Thus, we might see two versions of the right. In the Lawrence case, Mr. Lawrence ended up in court claiming his right because the police broke down the door to his house and arrested him when they found him having a kind of sex Texas had made illegal. Applied to this case, we could imagine a set of facts where a roommate reported Doe and Roe for their sexual practices, and the school expelled him without Roe’s complaint. In that case, we’d have a question of whether a school could—consistent with the Constitution—ban BDSM practices altogether. The other form of the right—the one Doe’s case seems to present—is a question of where Doe’s rights end and Roe’s rights begin.

 

III. The other part of the case.

In the 4½ pages at the end of the opinion, the court rejects an argument that the university violated his “substantive due process” rights.[3] Before we talk about what this means, we should lay two pieces of ground work: the facts and the law. I should also note that while it’s probably important to know the facts here, the law of substantive due process is pretty technical. While writing this piece, I’ve been able to get laughs from other law people by simply stating that “I’m writing a piece that explains substantive due process to a non-law audience.” So, please feel free to skip ahead to part IV.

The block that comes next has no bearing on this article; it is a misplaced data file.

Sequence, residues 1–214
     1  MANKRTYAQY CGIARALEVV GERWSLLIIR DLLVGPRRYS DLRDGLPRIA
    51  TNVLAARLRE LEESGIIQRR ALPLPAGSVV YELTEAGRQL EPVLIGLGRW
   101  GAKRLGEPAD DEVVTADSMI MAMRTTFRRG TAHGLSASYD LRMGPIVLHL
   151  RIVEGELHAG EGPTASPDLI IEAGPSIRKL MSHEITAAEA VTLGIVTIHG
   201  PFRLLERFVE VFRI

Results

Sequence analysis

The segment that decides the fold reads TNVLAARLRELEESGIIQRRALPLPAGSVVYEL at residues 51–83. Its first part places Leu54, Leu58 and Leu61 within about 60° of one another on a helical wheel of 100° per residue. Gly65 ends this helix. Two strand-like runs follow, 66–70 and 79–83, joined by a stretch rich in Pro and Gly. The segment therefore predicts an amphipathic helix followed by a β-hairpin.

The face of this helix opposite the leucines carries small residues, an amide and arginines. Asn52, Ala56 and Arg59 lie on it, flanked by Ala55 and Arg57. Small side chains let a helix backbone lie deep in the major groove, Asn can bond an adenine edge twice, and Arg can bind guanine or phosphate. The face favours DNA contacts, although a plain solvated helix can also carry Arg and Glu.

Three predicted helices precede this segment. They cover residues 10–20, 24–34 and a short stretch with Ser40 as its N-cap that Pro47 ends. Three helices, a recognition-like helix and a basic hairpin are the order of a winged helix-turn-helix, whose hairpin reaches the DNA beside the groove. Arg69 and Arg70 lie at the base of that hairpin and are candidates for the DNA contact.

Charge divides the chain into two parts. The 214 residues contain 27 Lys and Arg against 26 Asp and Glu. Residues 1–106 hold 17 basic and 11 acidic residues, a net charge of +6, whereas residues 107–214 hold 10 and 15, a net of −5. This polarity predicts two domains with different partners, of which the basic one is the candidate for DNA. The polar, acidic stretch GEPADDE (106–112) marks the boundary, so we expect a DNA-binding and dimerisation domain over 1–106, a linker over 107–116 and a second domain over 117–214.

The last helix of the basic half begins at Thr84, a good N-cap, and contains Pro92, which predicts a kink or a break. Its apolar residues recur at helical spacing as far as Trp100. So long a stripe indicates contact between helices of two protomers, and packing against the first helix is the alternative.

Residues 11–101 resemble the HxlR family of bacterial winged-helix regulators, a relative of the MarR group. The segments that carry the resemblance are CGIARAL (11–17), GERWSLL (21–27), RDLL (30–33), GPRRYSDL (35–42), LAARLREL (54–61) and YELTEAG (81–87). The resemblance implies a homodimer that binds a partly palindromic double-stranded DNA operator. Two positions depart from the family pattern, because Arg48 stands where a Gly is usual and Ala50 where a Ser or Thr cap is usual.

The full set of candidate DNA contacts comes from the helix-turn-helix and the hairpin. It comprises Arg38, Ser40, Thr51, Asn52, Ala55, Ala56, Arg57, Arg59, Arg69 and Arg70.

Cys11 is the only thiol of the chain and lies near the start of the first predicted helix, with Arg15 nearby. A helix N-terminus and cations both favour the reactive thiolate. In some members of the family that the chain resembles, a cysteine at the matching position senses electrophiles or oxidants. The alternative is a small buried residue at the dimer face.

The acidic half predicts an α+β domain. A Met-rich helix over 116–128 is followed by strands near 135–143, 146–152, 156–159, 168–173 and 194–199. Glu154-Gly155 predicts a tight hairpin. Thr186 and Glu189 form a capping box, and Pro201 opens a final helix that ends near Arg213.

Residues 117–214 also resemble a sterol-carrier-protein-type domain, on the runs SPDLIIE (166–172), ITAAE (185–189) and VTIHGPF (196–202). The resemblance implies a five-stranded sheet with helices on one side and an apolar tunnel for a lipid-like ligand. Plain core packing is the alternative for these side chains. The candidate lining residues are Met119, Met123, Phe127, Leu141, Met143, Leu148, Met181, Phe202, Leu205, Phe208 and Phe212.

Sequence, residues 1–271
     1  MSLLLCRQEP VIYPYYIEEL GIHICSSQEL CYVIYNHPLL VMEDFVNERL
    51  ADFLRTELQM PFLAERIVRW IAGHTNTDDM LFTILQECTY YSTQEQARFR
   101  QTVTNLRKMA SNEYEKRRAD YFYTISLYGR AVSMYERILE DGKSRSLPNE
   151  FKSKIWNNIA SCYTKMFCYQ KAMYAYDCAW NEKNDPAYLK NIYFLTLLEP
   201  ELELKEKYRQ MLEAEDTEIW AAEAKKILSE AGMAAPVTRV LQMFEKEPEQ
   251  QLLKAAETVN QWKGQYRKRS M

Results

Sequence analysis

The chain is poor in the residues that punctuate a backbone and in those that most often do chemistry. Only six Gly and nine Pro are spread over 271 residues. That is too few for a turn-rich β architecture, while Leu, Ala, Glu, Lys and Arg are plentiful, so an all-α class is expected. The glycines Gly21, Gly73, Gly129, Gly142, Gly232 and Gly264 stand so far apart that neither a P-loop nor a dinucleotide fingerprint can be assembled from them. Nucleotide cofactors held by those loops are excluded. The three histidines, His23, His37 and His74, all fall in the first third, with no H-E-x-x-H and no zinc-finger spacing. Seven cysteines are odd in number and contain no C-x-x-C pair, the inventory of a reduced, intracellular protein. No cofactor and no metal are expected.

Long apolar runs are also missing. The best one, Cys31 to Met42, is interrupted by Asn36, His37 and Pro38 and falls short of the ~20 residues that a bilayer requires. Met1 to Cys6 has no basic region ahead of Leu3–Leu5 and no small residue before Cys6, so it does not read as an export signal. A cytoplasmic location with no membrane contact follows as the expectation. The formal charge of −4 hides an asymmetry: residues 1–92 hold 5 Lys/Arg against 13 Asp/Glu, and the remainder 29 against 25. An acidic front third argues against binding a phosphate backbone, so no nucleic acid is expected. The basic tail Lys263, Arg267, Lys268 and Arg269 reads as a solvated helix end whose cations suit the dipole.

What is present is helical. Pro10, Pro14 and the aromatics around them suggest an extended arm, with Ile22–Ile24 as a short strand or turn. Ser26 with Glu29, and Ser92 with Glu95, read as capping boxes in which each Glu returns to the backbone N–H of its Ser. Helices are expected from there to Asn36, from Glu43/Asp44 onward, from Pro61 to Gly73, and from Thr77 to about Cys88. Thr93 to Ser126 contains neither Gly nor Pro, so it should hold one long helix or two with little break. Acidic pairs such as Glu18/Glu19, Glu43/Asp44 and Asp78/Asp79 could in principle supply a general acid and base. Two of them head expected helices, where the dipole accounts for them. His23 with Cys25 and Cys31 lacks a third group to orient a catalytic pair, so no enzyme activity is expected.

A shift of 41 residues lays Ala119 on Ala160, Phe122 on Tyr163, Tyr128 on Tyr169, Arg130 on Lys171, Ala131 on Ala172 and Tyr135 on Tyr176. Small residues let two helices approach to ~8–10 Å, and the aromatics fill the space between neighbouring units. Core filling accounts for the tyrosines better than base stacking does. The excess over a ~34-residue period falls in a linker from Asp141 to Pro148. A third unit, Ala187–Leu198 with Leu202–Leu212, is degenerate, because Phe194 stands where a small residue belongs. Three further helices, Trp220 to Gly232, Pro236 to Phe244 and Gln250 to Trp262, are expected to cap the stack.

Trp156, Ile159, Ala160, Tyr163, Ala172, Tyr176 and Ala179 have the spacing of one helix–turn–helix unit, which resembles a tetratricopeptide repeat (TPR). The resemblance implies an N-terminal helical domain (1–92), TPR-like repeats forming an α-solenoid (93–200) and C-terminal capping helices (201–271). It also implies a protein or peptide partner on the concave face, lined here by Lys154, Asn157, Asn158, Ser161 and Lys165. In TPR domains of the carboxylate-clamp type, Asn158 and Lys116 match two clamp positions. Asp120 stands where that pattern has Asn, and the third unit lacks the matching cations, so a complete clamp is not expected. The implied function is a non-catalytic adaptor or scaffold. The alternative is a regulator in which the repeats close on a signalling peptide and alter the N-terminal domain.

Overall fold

First, the facts (we’ll unpack them a bit more below):

  • To use the court’s stilted language, Roe and Doe were in a “romantic relationship” which “included certain sexual practices known collectively as ‘BDSM.’”
  • Roe and Doe agreed upon and used the safe word, “Red.” They also seem to[4] have agreed that their sex would include consensual non-consent play (“stop” doesn’t mean STOP; “no” doesn’t mean NO).
  • On October 27, 2013, Roe and Doe had a play session in Doe’s dorm room. Apparently during this session, Roe pushed Doe away, and when asked whether she wanted to continue sex, Roe said “I don’t know.” Doe then resumed activities, according to the court, “despite the equivocation, given that Roe did not use the agreed safe word ‘red.’”
  • After they broke up, Roe made reports to both GMU and the GMU university police about a variety of things Doe did, including various sexual encounters where she felt he violated her consent.
  • According to the facts considered at summary judgement (this only means that there was some argument about the facts—not that there was an ultimate factual determination) Roe did not use the safe word on October 27.
  • However Doe has admitted he has failed to stop sex and play when Roe safe worded, and even admitted this in his GMU hearing:
    • On a call that Roe and the GMU police recorded, Roe asked Doe “why [he] never stopped when [she] used the safe word,” to which he replied that he “felt like [she] could handle it.”
    • At the hearing before the Sexual Misconduct Board, Doe was asked if there were instance outside of October 27 when Roe used the safe word and he refused to stop. His response was it happened in “very rare” and “unusual circumstances” because he was “set in the routine of things.” He qualified this by saying when Roe said “red” again, he would then “stop immediately.” He apparently also assured the Board that he would “not just blatantly ignore and then continue.”